The Holy Bible – Knox Translation
The Prophecy of Ezechiel
Chapter 17
Word came to me from the Lord:
A riddle, son of man, a parable for the men of Israel to interpret!
This shall be thy message from the Lord God: A great eagle there was, strong of wing, long of limb; thick and gay his plumage. And this eagle flew to Lebanon, where he robbed cedar of cedar’s very pith;
tore away its crown of leaves and carried it off to Merchant-land, set it down in Traffic City.
Then back he flew to that same country, chose out both seed and seed-ground there; it was on a level lawn by a brimming stream he planted it.
When the plant grew, it proved to be a spreading vine, low of stature, and ever branch curled inwards and root struck downwards, yet vine it was, with sprig that burgeoned, shoot that sprang.
But now, here is a second eagle comes in sight, another great eagle, strong of wing, thick-plumed; and it seems as if the vine, in the garden where it grows, were stretching out its roots, waving its tendrils, to ask this second eagle for water instead.
What, when it was planted in ground so fair, by waters so abundant, with such promise of leaf and fruit, a vine so destined to greatness!
Will any good come of this? asks the Lord God. Nay, roots shall be plucked up, fruit ravaged, branches left to wither; fade it must, nor is it like to need great strength or many hands for its unearthing.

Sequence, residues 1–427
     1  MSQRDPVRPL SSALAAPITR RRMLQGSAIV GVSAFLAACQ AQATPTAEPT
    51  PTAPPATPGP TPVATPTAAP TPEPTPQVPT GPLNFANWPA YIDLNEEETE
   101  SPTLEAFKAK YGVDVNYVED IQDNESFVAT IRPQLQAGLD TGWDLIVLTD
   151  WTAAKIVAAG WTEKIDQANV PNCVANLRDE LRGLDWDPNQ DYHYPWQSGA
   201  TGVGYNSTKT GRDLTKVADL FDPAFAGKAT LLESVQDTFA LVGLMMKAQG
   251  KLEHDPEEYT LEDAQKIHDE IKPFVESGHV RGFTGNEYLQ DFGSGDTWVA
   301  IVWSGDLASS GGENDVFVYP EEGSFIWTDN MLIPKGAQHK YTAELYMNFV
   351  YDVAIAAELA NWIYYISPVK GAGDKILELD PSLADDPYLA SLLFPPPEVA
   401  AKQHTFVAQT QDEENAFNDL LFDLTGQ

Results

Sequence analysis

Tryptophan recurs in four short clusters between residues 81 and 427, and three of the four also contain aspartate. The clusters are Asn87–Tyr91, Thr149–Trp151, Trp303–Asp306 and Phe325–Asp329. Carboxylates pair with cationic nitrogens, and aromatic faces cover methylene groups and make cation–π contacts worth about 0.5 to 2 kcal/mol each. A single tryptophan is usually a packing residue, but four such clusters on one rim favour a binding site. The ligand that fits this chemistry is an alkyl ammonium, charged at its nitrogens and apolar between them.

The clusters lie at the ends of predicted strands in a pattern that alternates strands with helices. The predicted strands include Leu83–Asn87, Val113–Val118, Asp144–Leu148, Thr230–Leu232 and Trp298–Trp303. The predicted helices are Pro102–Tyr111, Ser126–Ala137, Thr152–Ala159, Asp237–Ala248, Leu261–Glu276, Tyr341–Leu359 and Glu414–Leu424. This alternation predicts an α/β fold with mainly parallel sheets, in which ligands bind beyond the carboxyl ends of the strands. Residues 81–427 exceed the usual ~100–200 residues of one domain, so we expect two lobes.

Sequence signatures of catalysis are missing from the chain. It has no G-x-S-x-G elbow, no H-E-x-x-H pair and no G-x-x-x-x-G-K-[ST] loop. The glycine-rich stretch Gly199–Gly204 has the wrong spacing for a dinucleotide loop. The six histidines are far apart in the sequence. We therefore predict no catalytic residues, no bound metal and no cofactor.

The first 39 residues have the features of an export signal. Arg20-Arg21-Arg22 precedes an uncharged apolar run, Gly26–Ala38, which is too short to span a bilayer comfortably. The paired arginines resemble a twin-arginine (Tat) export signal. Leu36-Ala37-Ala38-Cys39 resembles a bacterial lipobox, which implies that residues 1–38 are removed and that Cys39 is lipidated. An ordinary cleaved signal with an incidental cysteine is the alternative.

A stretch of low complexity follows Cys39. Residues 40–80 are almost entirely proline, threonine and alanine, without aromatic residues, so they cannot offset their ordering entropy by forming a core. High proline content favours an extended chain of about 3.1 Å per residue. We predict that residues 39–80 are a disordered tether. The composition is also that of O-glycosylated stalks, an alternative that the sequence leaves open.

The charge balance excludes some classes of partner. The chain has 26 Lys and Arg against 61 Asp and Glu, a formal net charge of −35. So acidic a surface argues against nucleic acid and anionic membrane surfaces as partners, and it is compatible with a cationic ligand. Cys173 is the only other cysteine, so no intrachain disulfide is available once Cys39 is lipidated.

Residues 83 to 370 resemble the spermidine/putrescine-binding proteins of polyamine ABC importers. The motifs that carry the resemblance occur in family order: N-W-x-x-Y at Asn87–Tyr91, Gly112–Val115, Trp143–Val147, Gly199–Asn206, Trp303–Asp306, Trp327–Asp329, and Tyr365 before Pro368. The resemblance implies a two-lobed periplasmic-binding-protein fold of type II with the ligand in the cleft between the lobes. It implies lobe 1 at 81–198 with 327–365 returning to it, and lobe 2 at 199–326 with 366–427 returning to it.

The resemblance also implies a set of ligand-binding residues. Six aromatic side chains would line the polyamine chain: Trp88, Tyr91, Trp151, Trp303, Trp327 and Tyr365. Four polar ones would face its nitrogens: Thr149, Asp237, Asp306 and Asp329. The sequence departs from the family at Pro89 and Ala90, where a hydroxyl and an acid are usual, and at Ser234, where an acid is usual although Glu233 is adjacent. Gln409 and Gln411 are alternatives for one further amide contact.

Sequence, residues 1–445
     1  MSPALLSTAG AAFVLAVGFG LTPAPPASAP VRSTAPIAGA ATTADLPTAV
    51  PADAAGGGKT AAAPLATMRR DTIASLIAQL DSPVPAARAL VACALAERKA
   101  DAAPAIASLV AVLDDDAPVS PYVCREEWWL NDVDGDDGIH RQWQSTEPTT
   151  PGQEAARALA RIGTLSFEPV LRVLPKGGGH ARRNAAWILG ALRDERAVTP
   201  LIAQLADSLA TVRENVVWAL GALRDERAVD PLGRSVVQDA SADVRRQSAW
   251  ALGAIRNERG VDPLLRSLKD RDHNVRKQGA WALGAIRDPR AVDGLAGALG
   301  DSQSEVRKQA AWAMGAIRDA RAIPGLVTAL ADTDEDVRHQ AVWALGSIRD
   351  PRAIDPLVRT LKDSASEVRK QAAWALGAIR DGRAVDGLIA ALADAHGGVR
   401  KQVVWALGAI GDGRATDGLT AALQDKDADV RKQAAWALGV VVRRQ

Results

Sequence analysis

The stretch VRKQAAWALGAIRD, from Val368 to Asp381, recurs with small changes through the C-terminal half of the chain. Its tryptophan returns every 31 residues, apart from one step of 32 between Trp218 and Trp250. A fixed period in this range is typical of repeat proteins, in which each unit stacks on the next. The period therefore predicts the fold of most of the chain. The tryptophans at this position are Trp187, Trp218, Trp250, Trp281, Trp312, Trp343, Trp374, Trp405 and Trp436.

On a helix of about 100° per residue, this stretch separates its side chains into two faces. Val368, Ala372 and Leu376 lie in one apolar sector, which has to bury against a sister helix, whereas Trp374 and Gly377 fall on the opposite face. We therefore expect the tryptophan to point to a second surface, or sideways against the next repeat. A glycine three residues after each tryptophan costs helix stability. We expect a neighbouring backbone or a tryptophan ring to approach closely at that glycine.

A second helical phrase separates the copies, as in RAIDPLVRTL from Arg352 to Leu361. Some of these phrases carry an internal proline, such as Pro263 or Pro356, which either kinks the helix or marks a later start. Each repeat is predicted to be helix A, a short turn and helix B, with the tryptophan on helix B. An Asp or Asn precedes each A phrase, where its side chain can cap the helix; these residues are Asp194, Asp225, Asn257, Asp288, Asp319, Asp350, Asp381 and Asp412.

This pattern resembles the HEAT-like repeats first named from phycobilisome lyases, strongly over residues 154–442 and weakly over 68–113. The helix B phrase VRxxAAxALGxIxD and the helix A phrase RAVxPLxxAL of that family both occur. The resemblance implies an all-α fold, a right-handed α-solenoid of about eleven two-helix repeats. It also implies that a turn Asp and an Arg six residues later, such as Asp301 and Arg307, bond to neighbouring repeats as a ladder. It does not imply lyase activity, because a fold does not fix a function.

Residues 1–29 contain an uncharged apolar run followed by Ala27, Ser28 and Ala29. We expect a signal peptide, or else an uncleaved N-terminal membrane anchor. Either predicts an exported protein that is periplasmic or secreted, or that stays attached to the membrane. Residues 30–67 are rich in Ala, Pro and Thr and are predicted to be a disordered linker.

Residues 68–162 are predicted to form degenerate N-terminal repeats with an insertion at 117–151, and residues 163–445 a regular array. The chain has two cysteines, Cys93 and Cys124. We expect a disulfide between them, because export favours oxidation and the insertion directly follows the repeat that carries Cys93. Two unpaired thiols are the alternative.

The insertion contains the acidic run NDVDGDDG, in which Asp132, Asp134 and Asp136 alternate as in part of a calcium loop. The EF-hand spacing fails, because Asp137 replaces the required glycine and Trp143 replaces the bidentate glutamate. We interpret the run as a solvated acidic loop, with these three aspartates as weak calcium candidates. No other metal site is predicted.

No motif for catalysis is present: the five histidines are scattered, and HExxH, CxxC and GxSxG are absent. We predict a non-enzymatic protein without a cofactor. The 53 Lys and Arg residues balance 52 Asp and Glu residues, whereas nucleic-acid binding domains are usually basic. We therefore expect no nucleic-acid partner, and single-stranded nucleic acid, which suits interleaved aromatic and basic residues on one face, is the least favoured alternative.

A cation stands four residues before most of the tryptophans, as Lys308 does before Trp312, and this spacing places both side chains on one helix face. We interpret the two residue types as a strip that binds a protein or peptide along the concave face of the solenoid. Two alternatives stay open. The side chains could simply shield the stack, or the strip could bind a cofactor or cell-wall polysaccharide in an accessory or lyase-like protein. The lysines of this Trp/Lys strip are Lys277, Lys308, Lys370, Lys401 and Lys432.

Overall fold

Take root is not thrive; rich soil or none, when the sirocco parches it, the vine must wither.

Then the Lord’s word came to me,
bidding me ask the rebel brood, Were they at a loss for the meaning of it? This tells how Nabuchodonosor came to Jerusalem, carried off the king and princes and took them away to Babylon;
yet spared a prince of the blood royal, making a treaty with him and exacting an oath of allegiance. All the flower of the citizens he carried away;
the kingdom should be submissive henceforward, and rebel no more, should keep troth with him loyally.
Straightway the new king revolted from Nabuchodonosor, and sent envoys to Egypt, asking for horses, asking for the despatch of a great army in his support. Speeds he, finds he deliverance? Should broken faith avail him?
As I am a living God, the Lord says, Babylon that made a king of him, Babylon that trusted in his false oath of allegiance, shall be the place of his death.
Nor think that his enemy will need great strength, a great muster of men, to overcome him, mound here, trench there, and the loss of many lives;
for the man that did so ill, held his faith a light thing and broke the bond he had set his hand to, there is no escape.
This doom the Lord pronounces: As I am a living God, false troth and broken treaty shall be the undoing of him!
My net is spread; I have him in the noose; Babylon for him! There I will call him to account for the dishonour he has done to my name by his treachery;
and all that escape with him, nay, his whole army, must fall by the sword, or survive scattered to the four winds; you shall learn what manner of God you worship.

And here is a message from the Lord God: Pith of the tall cedar I will take and set it firm, young branch from its crest of branches I will snap off, and plant it on a mountain that stands high above the rest.
High in the hill-country of Israel I will plant it, and there it shall grow into a great cedar-tree; no bird on the wing but shall find rest under its shade, nestle among its branches;
till all the forest learns its lesson, that I, the Lord, bring high tree low, raise low tree high, wither the burgeoning trunk, give life to the barren. What the Lord promises, the Lord fulfils.